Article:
Succulents from the garden of our master gardener Georgia Ruiz. (including agave)
Near the city of Guadalajara in Mexico is a small town known for its succulents. Rather, it is known for what it produces with its succulents. The town is called Tequila and the succulent in question is Agave.
Agave is but one of the hundreds of succulents native to the Americas. Along with Aloe (which is native to Africa) it is the succulent that most people could name if they saw it, and name what it is used for. But Succulents encompass hundreds of plants, and have been around (according to a study at Brown University in 2011) for between 5 and 10 million years!
Here in California we see succulents everywhere, but there are some basic things that you should know before tearing out that lawn and putting in that rock garden.
First things first, what is a succulent? Botanists and gardeners have been arguing this question since the first of the cacti were brought to Europe. While we enjoy a good debate (especially one that at some point has to include tequila) for our purposes we are going to side with the gardeners. Succulents are, for lack of a better simile, the camels of the plant kingdom. Succulents get their name from the Latin for juicy and are marked by thick leaves or bodies (like a cactus) that store extra hydration that the plant can live on when necessary. In this respect we are not going to talk about air plants or bulbs, but only what most people would consider when the word succulent comes up.
Succulents make fantastic house plants, as once they are potted, they require little care and even someone with a brown thumb will be hard pressed to kill them. But, they are not indestructible. Succulents still need some water, and if you leave them in direct sunlight most will still get burnt. Most importantly if your succulent gets too much water it will die. To prevent over watering your indoor succulent it is important to set up its pot correctly. You need lots of drainage. The best way to achieve drainage when planting in a pot is to use the broken shards from last year’s pot and form a layer at the bottom. You can however use stones and rocks to form this layer, the key point is something that will allow the water to drain through and keep it away from the root of the plant. You will know when your plant needs more water because the leaves will start to pucker, like your fingers when you have been in the bathtub too long. If the leaves start to lose their firmness and get mushy, then you are over watering and you will want to cut back until the leaves shrivel a little.
Second, your succulent is not a rose, or a carrot if you give it the nutrient rich, ultra-fertilized soil that you use on your garden, it will not thrive. Succulents evolved in harsh climates with minimal nutrients. So if you are potting a succulent it is best to use a potting soil specifically formulated for succulents, such as the Edna’s Best cactus mix. You can mix your own, but we will talk about that when we get to outside succulents.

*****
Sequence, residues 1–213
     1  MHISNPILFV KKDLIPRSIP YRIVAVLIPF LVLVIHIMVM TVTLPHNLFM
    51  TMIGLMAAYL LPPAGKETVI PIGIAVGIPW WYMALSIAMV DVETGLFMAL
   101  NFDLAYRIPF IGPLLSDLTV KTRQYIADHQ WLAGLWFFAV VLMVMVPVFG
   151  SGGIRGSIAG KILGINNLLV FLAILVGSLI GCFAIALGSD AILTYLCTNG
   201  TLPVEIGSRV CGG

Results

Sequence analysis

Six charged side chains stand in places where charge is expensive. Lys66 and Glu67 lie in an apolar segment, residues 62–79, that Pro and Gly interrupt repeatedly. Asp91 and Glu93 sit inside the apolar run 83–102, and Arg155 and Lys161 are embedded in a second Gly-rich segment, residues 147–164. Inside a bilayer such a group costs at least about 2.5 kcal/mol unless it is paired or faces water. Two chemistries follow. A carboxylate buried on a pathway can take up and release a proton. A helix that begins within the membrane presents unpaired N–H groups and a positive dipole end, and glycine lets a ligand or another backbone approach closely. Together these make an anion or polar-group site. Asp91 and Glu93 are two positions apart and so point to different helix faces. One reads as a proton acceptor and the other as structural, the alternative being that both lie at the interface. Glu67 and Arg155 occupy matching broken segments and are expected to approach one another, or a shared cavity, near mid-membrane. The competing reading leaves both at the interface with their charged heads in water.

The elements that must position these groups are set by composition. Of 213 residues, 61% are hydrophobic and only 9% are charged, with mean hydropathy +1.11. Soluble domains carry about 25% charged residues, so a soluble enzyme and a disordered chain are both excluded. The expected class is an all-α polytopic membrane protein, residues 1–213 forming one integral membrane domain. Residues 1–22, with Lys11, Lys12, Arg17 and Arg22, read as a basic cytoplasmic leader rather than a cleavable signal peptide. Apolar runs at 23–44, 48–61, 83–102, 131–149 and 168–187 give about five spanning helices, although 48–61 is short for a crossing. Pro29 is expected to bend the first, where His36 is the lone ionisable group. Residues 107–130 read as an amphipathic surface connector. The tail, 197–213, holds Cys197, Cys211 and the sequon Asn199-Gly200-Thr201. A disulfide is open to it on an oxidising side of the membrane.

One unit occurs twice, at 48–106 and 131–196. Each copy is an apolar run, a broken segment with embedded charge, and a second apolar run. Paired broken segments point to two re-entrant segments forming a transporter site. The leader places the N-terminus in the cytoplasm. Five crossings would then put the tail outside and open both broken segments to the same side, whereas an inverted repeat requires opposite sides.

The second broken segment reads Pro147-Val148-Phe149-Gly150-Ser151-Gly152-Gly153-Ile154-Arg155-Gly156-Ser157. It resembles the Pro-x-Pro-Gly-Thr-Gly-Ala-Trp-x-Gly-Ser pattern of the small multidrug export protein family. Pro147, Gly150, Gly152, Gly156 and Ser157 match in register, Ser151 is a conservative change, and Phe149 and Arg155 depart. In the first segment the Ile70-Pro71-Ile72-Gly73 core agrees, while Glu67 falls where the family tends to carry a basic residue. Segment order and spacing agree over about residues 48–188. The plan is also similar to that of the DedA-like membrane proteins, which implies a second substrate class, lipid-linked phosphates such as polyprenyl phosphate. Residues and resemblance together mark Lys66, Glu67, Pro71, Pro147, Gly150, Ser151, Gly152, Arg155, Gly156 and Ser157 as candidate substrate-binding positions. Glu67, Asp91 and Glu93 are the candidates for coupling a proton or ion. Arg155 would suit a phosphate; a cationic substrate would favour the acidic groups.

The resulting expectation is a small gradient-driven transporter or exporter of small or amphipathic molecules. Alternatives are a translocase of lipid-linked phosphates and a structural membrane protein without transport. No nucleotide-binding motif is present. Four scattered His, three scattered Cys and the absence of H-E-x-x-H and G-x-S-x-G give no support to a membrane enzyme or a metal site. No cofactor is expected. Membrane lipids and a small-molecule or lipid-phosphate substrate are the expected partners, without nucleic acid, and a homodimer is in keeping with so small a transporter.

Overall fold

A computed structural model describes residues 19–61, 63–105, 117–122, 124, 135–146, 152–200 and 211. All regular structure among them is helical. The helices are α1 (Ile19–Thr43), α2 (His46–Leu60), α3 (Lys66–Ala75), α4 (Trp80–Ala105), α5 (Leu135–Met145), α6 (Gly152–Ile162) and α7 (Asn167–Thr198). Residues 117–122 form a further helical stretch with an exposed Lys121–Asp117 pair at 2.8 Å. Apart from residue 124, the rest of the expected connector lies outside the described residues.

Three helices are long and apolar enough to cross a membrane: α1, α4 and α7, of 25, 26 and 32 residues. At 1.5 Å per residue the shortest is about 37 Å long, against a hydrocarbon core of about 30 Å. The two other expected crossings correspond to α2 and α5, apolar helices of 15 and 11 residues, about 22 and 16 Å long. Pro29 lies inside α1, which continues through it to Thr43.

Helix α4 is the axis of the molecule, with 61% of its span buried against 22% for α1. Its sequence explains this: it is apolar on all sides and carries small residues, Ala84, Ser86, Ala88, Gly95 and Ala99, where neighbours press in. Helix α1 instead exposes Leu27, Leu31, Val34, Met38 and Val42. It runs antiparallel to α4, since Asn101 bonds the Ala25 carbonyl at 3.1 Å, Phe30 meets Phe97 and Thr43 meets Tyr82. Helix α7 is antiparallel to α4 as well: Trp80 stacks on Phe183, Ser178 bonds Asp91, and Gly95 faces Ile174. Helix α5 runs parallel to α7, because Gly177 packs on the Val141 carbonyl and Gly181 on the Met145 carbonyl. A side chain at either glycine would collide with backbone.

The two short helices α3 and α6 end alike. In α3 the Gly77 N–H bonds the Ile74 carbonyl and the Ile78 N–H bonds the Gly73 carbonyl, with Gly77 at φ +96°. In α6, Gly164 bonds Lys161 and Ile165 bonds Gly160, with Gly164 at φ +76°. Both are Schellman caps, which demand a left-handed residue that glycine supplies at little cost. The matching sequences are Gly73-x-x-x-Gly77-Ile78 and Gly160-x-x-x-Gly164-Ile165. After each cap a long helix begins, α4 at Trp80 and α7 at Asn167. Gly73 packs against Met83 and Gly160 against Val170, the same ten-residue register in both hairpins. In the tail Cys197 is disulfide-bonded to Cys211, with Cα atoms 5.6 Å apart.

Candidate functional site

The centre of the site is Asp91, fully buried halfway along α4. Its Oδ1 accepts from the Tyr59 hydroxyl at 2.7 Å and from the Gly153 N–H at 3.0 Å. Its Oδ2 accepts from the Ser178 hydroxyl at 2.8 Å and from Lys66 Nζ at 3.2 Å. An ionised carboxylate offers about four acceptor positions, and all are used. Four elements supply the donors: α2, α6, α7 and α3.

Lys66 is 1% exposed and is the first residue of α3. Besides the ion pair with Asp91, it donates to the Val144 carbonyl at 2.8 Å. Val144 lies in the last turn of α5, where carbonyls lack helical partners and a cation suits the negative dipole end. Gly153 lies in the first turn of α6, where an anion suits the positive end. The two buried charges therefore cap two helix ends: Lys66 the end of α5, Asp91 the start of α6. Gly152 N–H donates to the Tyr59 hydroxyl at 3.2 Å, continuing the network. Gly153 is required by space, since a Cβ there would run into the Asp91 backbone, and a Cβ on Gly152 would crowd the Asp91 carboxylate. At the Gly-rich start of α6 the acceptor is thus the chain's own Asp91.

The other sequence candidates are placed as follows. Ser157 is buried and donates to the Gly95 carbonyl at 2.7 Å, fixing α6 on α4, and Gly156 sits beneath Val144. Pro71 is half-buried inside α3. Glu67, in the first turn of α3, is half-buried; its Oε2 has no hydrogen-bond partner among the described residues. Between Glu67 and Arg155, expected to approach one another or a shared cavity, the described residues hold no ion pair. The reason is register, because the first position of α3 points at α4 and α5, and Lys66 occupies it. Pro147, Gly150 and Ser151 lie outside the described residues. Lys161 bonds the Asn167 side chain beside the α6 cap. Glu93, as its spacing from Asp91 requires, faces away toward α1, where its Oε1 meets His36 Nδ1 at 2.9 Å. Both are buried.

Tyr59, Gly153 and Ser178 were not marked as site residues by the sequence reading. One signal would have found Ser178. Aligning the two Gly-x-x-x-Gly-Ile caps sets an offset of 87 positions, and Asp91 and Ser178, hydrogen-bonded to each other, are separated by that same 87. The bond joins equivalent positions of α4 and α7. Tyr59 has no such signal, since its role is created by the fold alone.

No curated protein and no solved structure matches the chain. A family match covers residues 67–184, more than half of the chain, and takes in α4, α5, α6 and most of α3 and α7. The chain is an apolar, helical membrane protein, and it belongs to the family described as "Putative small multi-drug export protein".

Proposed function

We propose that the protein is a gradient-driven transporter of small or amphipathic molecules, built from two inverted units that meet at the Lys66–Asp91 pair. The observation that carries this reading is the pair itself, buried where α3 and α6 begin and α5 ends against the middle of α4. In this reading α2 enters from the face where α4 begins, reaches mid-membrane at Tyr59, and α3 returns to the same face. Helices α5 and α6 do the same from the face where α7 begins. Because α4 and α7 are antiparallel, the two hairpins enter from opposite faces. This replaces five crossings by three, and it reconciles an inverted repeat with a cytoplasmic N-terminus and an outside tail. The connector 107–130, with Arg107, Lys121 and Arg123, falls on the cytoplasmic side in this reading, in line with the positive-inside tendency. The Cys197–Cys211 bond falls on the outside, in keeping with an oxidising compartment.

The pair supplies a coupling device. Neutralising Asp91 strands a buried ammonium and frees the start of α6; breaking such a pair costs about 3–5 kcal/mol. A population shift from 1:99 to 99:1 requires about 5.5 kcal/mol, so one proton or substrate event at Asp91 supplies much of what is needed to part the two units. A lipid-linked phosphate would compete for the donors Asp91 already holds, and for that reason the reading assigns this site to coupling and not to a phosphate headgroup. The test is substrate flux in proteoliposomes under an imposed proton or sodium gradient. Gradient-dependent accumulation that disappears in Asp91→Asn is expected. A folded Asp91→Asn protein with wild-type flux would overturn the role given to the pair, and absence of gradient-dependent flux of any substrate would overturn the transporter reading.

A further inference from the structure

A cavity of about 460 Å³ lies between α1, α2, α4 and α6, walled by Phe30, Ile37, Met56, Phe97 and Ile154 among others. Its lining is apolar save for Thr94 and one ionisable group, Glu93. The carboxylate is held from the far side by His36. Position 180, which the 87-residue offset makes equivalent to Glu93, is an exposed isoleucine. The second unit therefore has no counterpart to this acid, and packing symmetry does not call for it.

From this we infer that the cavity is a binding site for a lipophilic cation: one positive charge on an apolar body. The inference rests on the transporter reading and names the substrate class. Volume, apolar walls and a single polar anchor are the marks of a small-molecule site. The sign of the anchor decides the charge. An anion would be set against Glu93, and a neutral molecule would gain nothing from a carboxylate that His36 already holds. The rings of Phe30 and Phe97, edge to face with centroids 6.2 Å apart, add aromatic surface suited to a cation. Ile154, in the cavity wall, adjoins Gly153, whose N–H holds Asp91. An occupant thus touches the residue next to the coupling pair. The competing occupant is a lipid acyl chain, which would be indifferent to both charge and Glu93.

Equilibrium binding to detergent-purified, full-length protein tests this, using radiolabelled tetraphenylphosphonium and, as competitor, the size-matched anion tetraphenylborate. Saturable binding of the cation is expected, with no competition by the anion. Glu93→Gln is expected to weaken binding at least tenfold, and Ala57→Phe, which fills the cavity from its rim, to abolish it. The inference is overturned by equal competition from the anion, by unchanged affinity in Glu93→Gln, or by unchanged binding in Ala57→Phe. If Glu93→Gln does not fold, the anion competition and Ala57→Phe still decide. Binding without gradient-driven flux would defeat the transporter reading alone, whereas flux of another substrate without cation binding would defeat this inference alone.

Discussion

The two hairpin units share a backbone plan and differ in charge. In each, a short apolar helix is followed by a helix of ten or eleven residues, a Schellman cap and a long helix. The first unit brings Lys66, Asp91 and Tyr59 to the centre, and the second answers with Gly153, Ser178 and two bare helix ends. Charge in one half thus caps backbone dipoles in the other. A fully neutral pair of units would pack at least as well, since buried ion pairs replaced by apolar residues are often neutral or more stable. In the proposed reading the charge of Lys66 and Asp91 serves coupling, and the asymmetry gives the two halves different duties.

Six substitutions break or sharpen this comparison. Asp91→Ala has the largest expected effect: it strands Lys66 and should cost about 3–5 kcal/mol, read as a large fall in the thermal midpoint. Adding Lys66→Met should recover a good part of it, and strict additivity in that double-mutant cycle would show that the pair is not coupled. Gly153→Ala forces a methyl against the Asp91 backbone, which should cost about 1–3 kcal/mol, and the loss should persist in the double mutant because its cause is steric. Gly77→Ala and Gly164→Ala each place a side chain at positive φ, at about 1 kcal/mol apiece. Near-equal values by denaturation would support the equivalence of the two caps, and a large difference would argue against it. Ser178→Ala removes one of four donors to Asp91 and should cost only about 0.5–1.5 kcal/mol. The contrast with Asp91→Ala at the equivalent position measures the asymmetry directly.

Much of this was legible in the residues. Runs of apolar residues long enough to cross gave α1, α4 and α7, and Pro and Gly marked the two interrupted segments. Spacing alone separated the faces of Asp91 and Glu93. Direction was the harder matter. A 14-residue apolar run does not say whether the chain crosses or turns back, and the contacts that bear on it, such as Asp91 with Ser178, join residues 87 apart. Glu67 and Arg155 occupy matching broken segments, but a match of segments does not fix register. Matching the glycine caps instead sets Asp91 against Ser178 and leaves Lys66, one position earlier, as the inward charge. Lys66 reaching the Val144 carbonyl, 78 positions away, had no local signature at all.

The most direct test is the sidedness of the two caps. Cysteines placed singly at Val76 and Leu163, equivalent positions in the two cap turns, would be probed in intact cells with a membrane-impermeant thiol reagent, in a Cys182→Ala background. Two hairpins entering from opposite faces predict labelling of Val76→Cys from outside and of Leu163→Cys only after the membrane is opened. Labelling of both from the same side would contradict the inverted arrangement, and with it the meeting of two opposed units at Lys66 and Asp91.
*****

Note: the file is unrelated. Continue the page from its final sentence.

One of the best things about succulents besides how little care they need is that they are very slow growers. This means that you don’t have to worry about them getting too big for their pot anytime soon, and you can plant multiple plants in one pot without having to worry about them crowding each other too quickly. Succulents are also easy to propagate. Some simply drop a leaf that then turns into a new succulent. They can also propagate through division, and you can propagate them through cuttings.
While succulents make great indoor plants they have added benefit for those of us who live in the bay area as outdoor plants. Succulents are low-water tolerant, a great trait in our drought prone climate. They are also, due to their moisture filled leaves and bodies, fire safe. Most succulents are hardy plants, meaning that they can withstand the wide range in temperatures that can happen quickly in the Bay Area.
Succulents are also great plants if you are near protected areas as they do not become invasive due to their shallow root system. Plus, as before mentioned many succulents are actually native to Northern California. Also, due to the low water used when growing succulents you are less likely to have weeds in a bed that has succulent ground cover.
If you are going to plant succulents outside here are a few things to remember:
-Don’t put them at the bottom of a slope, or in a depression. They need really good drainage.
-Check the sun needs of the plant, not all of them like direct sun and some of them are from tropical forests which require dappled or partial sun.
-Don’t use the normal mulch and fertilizers that you use for your vegetable or rose gardens.
-To make your own planting mix, you need to mix in sharp sand or pumice with your soil. You can also add gravel and crushed rock.
-Don’t let dead leaves or other organics decompose in the succulent bed, this helps keep bad bacteria and other pests away from your live plants.
-Don’t try to make your own tequila. The correct type of agave takes a lifetime to grow, and much like champagne can only be from the Champagne region, tequila not from Tequila is simply mescal.
succulents in our nursery at Marin Ace